This is the typical reaction at the grassroots level to almost every political initiative in the “religious right.” Lot’s of talk; little to no action.

FRC is considered one of the major players in the world of conservative evangelical politics. And yet that organization’s ability to have any influence or impact in the political realm is limited by the lack of grassroots commitment. Though FRC and similar groups attempt to rally the troops, they are unable to lead the army of politically engaged evangelicals because such a group is all but nonexistent.

Consider that for more than two decades the number one issue on the agenda of the evangelical wing of the religious right has been abortion.

The bitter irony is that this is perceived as the “number one” political issue for evangelicals when it really isn’t one of our top priorities. If evangelicals–and Christians in general–truly cared about this issue, abortion on demand would not be the law of the land.

Imagine if every Christian in America vowed not to cast a vote for any candidate of any party for any office if they supported or condoned the killing of the unborn. Imagine if every pastor in America had the courage to stand in the pulpit and deliver the Gospel-centric message that God abhors this slaughtering of the innocent and that for the church to tolerate this sin is a fecal-colored stain on the garment of Christ’s bride.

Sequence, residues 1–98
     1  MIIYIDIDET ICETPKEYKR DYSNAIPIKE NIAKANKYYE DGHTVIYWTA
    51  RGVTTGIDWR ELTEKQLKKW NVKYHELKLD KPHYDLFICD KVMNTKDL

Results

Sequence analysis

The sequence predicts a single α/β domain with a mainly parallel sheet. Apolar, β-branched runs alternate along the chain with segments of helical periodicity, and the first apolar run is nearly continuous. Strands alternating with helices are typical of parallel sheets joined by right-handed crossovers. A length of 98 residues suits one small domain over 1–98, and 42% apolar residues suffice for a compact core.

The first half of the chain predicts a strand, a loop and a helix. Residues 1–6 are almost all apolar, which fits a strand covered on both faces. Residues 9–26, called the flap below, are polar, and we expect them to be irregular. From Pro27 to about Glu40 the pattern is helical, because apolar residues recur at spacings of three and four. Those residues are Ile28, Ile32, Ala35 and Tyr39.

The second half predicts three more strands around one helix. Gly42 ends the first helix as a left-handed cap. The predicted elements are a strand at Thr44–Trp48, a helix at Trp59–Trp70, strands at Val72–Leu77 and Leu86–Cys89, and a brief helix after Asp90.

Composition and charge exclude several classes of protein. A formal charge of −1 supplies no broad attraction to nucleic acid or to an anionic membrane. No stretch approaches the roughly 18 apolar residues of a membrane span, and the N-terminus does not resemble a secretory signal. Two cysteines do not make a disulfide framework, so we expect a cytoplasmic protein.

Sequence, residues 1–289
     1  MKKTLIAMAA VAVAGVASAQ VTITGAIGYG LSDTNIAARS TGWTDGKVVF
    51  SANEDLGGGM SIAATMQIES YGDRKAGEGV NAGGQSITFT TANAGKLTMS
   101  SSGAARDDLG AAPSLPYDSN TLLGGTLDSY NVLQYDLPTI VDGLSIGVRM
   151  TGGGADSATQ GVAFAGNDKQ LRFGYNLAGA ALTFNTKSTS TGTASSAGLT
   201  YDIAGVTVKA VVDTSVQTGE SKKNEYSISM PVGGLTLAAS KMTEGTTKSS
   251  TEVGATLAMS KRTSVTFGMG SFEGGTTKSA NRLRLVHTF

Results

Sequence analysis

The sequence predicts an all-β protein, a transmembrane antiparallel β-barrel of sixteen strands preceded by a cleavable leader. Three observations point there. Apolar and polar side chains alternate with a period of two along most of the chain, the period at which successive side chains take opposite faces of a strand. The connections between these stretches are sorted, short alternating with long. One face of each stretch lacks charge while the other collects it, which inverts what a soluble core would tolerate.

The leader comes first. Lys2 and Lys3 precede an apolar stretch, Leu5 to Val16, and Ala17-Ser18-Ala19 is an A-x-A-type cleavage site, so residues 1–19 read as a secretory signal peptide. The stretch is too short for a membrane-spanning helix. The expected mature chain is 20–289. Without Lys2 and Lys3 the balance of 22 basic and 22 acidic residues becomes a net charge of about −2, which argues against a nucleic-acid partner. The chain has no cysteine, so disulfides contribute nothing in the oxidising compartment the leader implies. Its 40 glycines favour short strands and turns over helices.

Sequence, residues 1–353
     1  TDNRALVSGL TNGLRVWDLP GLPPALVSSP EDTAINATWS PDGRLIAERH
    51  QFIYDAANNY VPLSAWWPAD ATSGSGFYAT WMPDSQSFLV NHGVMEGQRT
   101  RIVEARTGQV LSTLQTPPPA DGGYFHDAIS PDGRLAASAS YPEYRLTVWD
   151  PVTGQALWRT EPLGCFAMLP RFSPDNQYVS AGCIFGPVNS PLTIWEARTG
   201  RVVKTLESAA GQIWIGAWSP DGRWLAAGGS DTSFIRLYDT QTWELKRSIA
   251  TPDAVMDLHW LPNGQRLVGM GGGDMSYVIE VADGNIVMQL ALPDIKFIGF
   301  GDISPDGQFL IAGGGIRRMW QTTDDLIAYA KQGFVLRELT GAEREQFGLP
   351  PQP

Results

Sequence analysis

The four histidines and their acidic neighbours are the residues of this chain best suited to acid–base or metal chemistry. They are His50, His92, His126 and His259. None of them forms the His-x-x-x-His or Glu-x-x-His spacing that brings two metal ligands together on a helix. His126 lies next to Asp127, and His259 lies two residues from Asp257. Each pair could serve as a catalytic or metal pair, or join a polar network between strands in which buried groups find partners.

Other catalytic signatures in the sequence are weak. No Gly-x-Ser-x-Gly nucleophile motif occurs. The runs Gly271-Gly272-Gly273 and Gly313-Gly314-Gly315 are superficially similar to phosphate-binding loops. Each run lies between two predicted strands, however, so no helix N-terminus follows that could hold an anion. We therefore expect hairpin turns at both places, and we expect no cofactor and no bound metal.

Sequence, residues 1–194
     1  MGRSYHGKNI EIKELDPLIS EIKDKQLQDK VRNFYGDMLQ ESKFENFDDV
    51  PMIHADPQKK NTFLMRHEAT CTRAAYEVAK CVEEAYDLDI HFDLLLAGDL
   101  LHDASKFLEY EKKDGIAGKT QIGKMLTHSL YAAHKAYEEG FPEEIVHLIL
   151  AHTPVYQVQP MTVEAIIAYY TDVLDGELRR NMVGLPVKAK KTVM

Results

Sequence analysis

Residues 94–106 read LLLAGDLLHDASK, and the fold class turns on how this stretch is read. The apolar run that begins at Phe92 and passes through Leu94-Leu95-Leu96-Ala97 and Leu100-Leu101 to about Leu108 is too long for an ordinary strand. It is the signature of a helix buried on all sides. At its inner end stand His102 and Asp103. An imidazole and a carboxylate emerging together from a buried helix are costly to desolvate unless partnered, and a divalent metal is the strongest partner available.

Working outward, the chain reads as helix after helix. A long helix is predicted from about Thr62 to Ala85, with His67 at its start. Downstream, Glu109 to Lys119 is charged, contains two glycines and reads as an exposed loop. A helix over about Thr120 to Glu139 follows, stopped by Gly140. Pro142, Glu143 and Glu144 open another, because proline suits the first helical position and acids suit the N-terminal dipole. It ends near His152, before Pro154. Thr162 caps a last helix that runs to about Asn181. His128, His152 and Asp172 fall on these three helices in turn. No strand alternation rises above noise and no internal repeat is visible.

But it will never happen because the evangelical church isn’t committed as the church to rectifying this grave injustice. We never have been.

In a 1971 resolution on abortion, the Southern Baptist Convention resolved that “society has a responsibility to affirm through the laws of the state a high view of the sanctity of human life, including fetal life.” The largest evangelical denomination in America had a peculiar definition of “sanctity of human life”, however, for the very next sentence called upon Southern Baptists to “work for legislation that will allow the possibility of abortion” under such conditions as “fetal deformity” and damage to the “emotional, mental, and physical health of the mother.” Three years later–and two years after Roe codified this position–the SBC reaffirmed the resolution. It wasn’t until 1980 that the SBC finally condemned abortion as a grave evil, a position that has always been maintained by the Catholic Church.

Forty later, we evangelicals still haven’t caught up on issues of the sanctity of life. Come to the annual March for Life held in Washington, D.C. every January and you’ll find fifty Catholics for every evangelical. For Catholics it is a moral, spiritual, and political issue. For evangelicals it nothing more than an emotional issue that we aren’t really dedicated to doing much about. I suspect that there were more evangelicals that participated in the recent Tea Party protests than have every participated in the March for Life. (And speaking of the Tea Party movement, could any evangelical group or groups ever muster that level of support about anything.)

Rather than assuming that evangelicals are a large, powerful, committed political bloc that, for some inexplicable reason, is completely ineffective, the more realistic conclusion is that politically engaged evangelicals are like a herd of unicorns: powerful and abundant in the imagination while not actually existing in the real world.